We've been told how hard it is for the pimps out there, but a good street hustle can pave the way for a golden future. Everyone acknowledges that Morgan Freeman's got game now, but back in 1987 when critic Pauline Kael opened her New Yorker review of Street Smart with the following query, "Is Morgan Freeman America's greatest actor?" I doubt many people were as hip to Freeman's game. The claim remains the same for the big-pimping Terrence Howard, who also might be on his way to swiping that "greatest" tag.
Having earned his first and thus far only Oscar nomination for his lead turn in Hustle & Flow, Howard boldly stepped into Freeman's shoes by attempting to capture the ferocity and humanity of a stereotype. The nomination validated his effort to turn a racially charged caricature into a man. It could be argued that Freeman's portrayal had more to overcome — he was probably too old for the street life, but he made age meaningless — yet Howard's anger is more palpable and cannot be denied.
From his standout, scene-stealing work in The Best Man to the his character's intense meltdown in the Oscar-winning Crash, Howard constantly seems on the verge of a volcanic explosion. This trait has less in common with Denzel Washington's righteous fire or Samuel L. Jackson's now cartoonish indignation than the possibly perceived slights Howard must feel as a result of his long climb toward the leading man rung in urban romantic comedies. He certainly has the smoldering good looks, but there is a hardness to his features that speaks of the deep reservoir of his back-story that Hollywood might never be able to bring to the screen.
Pride, Howard's latest film, offers evidence of how ill-prepared studio projects are in terms of crafting the perfect vehicle for this actor.
Yet another "inspired/based on a true story" feature, this uplifting sports drama presents the efforts of Jim Ellis (Howard), a black swimmer who fought discrimination during his collegiate career and took on the task of starting a swim program in the 1970s for underprivileged children through a slated-to-close Philadelphia Department of Recreation (PDR) site.
Ellis subscribed to the tenets of "Pride, Determination and Resilience." You can't help but believe those words mean something to Howard, and by extension each of his characters, including a certain pimp. The game remains the same no matter the player.
Pride never succumbs to the simple inspirational sports formula audiences might expect after similar urban-themed movies like Gridiron Gang or Glory Road. The big-game finale here plays off camera because greatness was waiting elsewhere. Follow Howard — he will lead the way.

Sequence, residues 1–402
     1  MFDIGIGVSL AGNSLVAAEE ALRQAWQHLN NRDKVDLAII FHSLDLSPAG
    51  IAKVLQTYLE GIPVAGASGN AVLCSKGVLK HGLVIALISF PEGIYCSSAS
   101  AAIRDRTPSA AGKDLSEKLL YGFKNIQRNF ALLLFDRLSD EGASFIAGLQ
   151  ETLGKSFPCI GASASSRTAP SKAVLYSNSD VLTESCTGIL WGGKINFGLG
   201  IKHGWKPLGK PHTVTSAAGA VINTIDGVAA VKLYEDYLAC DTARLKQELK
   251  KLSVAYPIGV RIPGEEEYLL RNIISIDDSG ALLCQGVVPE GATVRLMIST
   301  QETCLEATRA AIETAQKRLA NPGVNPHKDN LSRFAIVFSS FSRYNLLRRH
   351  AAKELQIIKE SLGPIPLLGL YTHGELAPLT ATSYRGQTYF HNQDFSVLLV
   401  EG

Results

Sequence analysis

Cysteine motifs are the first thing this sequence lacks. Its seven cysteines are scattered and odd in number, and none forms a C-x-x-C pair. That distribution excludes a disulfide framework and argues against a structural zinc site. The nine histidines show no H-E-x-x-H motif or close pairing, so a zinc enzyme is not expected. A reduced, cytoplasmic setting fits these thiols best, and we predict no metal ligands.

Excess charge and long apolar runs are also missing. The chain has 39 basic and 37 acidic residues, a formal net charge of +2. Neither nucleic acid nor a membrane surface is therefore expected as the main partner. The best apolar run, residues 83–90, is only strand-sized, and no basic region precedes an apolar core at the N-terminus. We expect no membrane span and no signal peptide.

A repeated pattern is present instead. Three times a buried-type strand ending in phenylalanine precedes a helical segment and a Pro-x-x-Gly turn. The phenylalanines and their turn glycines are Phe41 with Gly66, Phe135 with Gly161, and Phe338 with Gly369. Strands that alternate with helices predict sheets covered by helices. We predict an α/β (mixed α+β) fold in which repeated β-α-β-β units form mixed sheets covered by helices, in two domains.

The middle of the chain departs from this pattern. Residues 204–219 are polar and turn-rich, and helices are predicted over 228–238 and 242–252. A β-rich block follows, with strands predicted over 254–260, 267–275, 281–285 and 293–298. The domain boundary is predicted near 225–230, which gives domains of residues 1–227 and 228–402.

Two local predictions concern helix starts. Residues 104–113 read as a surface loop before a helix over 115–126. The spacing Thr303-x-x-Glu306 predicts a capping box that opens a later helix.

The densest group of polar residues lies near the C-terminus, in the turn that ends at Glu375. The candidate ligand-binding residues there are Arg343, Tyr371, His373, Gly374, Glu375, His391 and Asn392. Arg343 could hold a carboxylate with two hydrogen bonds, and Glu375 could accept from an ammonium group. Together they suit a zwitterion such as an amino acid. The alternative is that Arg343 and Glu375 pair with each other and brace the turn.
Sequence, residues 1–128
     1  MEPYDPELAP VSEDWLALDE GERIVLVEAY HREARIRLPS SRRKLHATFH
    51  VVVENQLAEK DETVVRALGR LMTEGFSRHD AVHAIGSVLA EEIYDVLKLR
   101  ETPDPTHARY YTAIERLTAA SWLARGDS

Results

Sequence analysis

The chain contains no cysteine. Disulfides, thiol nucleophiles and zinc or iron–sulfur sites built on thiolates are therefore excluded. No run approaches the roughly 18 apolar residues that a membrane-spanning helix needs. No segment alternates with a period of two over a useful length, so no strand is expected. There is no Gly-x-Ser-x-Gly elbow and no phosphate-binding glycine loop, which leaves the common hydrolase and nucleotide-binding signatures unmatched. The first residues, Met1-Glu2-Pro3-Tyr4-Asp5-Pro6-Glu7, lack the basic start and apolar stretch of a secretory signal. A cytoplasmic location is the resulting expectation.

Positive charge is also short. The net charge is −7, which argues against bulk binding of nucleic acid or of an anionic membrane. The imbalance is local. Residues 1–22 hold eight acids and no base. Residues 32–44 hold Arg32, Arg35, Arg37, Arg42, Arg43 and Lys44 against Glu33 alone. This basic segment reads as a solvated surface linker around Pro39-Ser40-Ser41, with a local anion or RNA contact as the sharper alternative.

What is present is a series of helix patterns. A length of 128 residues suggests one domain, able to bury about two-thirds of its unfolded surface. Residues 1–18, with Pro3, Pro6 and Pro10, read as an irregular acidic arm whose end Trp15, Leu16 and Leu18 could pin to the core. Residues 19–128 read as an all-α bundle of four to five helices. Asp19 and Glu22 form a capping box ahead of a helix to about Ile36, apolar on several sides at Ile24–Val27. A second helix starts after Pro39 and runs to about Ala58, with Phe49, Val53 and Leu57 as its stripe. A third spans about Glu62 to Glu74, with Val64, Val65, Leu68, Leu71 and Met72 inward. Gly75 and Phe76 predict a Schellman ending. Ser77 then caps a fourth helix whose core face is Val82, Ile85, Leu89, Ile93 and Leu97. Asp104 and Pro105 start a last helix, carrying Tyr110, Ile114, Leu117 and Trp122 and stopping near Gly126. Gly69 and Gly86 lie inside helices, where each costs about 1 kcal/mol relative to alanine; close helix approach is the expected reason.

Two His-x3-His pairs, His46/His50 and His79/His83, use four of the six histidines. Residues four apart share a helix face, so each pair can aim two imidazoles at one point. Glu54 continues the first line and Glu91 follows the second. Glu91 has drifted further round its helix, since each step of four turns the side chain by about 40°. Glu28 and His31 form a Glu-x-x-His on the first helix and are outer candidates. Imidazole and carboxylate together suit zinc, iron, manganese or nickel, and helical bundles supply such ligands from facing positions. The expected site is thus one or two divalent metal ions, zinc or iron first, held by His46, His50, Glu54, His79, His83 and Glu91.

Korean director Bong Joon-ho pays homage to another film staple — the B movie — with his mutated creature feature The Host, which offers two distinctly different figures with their own brand of unseemly ease.
Bong's amphibious monster coordinates a host of ill-fitting physical attributes with unusual facility. Thus a fluid swimmer's body, even one the size of a Metro bus, knifes through the water while loose, gangly limbs — a seeming mix of tadpole and monkey legs — grant a gymnast's agility on land. The mutant fish's network of nested mouths create a most efficient digestive machine, albeit not the most pleasant to watch in practice. This creature is truly a marvelous study in contrasts.
Then there is the all-too-human Gang-Du Park (Song Kang-ho), the dimwitted elder brother of the Park siblings who is barely able to work in his family's food station along the Han River or provide a parental figure for his teenage daughter, Hyun-seo (Ko Ah-Sung). Their relationship is more buddy-buddy than father-daughter, although not exactly unhealthily so. Gang-Du just can't seem to pull himself together.
That is, of course, until the monster emerges from underneath a bridge spanning the Han River and scoops up Hyun-seo, among a host of others, after Gang-Du fails to hold onto her during a mad dash to safety. Soon Gang-Du is joined by his siblings — the college-educated rebel Nam-il (Park Hae-il); Nam-Joo (Bae Du-na), a tentative national archery competitor; and their father Hee-bong (Byun Hee-bong) — in a quest to flee from the inept governmental bureaucracy responsible for the mutant in the first place, then to save the ever-resourceful Hyun-seo who has been deposited by the creature in a sewer system for safekeeping.
Typical monster-movie analogies are neatly lined up, then twisted or subverted by Bong. The world watches from afar thanks to the global media presence as a dysfunctional family akin to the VW bus troop in Little Miss Sunshine comes together when the chips are down and defeats a spawn of ecological imbalance right out of An Inconvenient Truth (if Gore had had more than the polar ice caps on his mind). Pride grade: B-; The Host grade: B